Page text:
This past week was the second week in a row that I didn't get all my assessments done because family was visiting way before regular visiting hours. I talked to my instructor about this, and she did concede that as a student nurse, I have to walk a fine line. If I was mom's regular nurse, I could push harder to get things accomplished. But as a student nurse, not only do I not have that kind of authority, but I also don't want to piss off the patients and families, who would then complain to the hospital about the student nurse who is a pain in the behind, and then my instructor would have to defend me AND the nursing program, etc. etc. etc.
I'm not really sure what I'm looking for here. I mostly need some assurance that THINGS WILL GET BETTER WITH TIME!! I only have a couple more days for this rotation, then it's on to Pedi, where I'm sure similar clashes between my "student" status and parents and family will arise. I definitely need more experience juggling tasks, and being assertive enough to get things done, but with tact and finesse (and without overstepping my bounds as a student). Any tips, experiences, etc. that anyone has would be greatly appreciated!! A friend of mine (a med/surg nurse for 5 years) says that once I'm an RN, I'll be able to go in and do what I need to do with more authority...but I don't know if I can wait that long, I do have to pass clinical
Oct 2, '06
Quote from jov
It ought to be terrific that the hospital doesn't enforce postpartum visiting hours....
I know, I know...:imbar that really did come out wrong. I'm just frustrated right now, but certainly dads (or whoever the mother designates as her partner/primary support person) should have the right to visit whenever they want. I guess I'm just surprised to see a horde of family members descending on the PP unit way before visiting hours start...not my experience with previous rotations (like I said, we've done mostly elder care up to now).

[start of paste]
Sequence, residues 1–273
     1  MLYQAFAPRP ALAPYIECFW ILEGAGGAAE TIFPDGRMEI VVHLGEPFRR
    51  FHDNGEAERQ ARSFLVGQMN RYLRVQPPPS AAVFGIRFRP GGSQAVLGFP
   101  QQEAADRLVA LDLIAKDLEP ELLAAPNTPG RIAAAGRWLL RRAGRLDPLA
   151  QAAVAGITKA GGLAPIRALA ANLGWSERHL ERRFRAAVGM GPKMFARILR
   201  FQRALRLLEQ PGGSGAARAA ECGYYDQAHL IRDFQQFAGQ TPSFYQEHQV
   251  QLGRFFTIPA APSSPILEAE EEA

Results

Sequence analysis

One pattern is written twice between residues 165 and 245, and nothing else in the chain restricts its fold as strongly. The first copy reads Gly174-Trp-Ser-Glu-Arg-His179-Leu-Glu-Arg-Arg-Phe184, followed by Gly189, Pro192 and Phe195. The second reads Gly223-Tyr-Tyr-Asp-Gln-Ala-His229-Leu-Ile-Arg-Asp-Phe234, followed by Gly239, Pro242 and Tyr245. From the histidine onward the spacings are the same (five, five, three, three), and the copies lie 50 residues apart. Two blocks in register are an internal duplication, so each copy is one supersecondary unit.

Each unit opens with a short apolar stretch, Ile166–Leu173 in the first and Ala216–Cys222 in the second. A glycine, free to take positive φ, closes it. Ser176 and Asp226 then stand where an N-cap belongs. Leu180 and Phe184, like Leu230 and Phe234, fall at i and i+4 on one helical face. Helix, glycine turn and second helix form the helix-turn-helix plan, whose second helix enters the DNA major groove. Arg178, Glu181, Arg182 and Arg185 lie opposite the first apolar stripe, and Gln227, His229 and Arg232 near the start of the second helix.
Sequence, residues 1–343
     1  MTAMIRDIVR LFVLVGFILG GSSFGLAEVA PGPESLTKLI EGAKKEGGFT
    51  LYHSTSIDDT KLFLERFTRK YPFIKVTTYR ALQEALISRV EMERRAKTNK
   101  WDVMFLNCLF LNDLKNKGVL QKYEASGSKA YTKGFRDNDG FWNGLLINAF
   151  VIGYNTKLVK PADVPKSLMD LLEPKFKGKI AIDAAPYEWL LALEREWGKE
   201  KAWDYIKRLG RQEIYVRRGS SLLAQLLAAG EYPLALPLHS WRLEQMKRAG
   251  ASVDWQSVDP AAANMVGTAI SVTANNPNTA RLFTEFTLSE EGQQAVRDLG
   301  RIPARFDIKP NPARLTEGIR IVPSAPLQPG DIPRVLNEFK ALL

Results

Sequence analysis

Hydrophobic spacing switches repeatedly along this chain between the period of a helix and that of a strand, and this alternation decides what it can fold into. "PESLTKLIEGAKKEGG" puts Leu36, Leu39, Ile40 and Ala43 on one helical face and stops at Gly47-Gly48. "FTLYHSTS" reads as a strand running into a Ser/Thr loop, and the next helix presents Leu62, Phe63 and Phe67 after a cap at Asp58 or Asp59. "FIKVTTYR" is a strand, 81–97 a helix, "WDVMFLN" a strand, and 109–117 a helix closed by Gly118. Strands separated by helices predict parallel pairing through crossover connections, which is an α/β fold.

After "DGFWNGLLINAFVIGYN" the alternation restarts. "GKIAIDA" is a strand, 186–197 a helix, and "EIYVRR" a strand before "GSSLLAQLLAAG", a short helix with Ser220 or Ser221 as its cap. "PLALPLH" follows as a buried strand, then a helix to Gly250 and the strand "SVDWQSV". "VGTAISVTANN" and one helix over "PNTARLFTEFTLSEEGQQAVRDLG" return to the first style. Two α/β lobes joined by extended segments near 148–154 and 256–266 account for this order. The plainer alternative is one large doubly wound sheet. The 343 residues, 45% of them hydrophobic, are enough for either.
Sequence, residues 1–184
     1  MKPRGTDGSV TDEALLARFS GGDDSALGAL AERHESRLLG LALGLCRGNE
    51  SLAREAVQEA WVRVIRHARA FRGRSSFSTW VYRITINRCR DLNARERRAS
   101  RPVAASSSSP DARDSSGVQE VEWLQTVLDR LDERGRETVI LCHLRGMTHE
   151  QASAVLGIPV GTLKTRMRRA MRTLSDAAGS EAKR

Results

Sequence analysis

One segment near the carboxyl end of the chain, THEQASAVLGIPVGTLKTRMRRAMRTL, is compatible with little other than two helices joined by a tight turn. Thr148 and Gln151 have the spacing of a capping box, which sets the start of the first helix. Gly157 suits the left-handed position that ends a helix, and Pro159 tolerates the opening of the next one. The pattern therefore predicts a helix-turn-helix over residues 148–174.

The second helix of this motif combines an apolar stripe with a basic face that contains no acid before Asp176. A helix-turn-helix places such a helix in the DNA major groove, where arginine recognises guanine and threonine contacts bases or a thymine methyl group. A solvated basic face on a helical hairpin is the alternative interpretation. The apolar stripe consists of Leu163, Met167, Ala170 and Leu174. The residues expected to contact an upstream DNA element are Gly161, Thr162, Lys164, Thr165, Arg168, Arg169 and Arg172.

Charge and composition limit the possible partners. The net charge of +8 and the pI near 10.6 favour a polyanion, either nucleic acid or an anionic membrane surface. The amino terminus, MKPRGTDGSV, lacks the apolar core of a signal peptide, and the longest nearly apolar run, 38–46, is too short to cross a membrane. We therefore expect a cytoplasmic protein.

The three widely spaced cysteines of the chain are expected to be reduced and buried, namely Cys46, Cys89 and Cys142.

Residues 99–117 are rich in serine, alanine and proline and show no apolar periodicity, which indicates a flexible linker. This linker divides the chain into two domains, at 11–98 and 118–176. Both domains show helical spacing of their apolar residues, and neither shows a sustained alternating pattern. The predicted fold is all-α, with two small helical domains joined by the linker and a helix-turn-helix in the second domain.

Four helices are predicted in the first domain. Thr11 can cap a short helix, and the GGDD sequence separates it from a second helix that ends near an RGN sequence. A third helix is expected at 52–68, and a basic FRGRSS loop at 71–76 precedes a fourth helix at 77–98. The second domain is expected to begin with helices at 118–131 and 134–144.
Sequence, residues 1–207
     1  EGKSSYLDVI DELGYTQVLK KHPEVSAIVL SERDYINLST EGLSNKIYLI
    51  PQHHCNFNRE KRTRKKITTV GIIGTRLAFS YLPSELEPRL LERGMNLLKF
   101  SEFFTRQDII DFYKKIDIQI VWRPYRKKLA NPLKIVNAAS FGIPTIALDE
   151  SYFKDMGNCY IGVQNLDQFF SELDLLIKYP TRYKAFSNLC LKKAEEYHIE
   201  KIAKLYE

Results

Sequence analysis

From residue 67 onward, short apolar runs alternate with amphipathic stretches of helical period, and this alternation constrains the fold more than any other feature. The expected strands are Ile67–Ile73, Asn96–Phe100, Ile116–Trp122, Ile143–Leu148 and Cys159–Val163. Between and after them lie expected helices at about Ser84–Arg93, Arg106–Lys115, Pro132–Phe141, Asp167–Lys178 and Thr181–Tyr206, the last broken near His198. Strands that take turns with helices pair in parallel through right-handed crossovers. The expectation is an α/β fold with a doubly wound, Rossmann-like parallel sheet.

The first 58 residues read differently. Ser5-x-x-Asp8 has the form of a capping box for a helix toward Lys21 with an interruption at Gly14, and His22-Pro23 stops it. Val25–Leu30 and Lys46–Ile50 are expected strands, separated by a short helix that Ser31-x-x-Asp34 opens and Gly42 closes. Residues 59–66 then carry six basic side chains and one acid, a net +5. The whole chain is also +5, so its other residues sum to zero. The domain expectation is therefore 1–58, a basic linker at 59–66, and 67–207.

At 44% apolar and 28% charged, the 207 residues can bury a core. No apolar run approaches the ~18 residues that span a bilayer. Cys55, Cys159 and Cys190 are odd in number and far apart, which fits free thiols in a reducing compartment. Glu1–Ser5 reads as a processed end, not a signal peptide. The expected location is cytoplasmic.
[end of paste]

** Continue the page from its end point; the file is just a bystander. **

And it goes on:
Quote from jov
Other than that, perhaps you could become part of the entire experience for the new mom and her baby. Are you asking her about her feelings about this experience? How her care has been? How her care experience could be improved? What does daddy think about the new little one? What are they worried most about? Are you ooing and aaing over the little one? If family is there, i.e. grandma, do you really MEET grandma, and spend a little time with her too, getting feedback? Seems to me this is a perfect opportunity for lots and lots of patient teaching, student nurse or not. I don't ever remember bristling at any nurse who came in to give me care in the L&D/Recovery rooms. It's a department that's mostly just happy all over!
I do try to go beyond the usual assessment and actually talk to the moms about their feelings, how well they are prepared for the new baby (emotionally; is the room ready at home; how does family feel about the new arrival; etc.) I'm still pretty new at this (plus not a great conversationalist in general) and when I do ask these kinds of questions, I find myself getting distracted from the physical assessment. I'm still at the point where there are questions I forget to ask on the first time around, and once I start juggling tasks, I never get back to the discussion
I really do want to spend time with mom and family, getting their idea of the whole event, because I've been through childbirth myself, with all the excitement and change and some of the mixed emotions that come with it...and I think I can teach quite a bit. But honestly, once I get a vibe of "would you just leave us ALONE" from the family, that's it, it kind of scares me off. It shouldn't, and that's my problem, not the patient's...something I need to work on.
Last edit by nightingale1969 on Oct 2, '06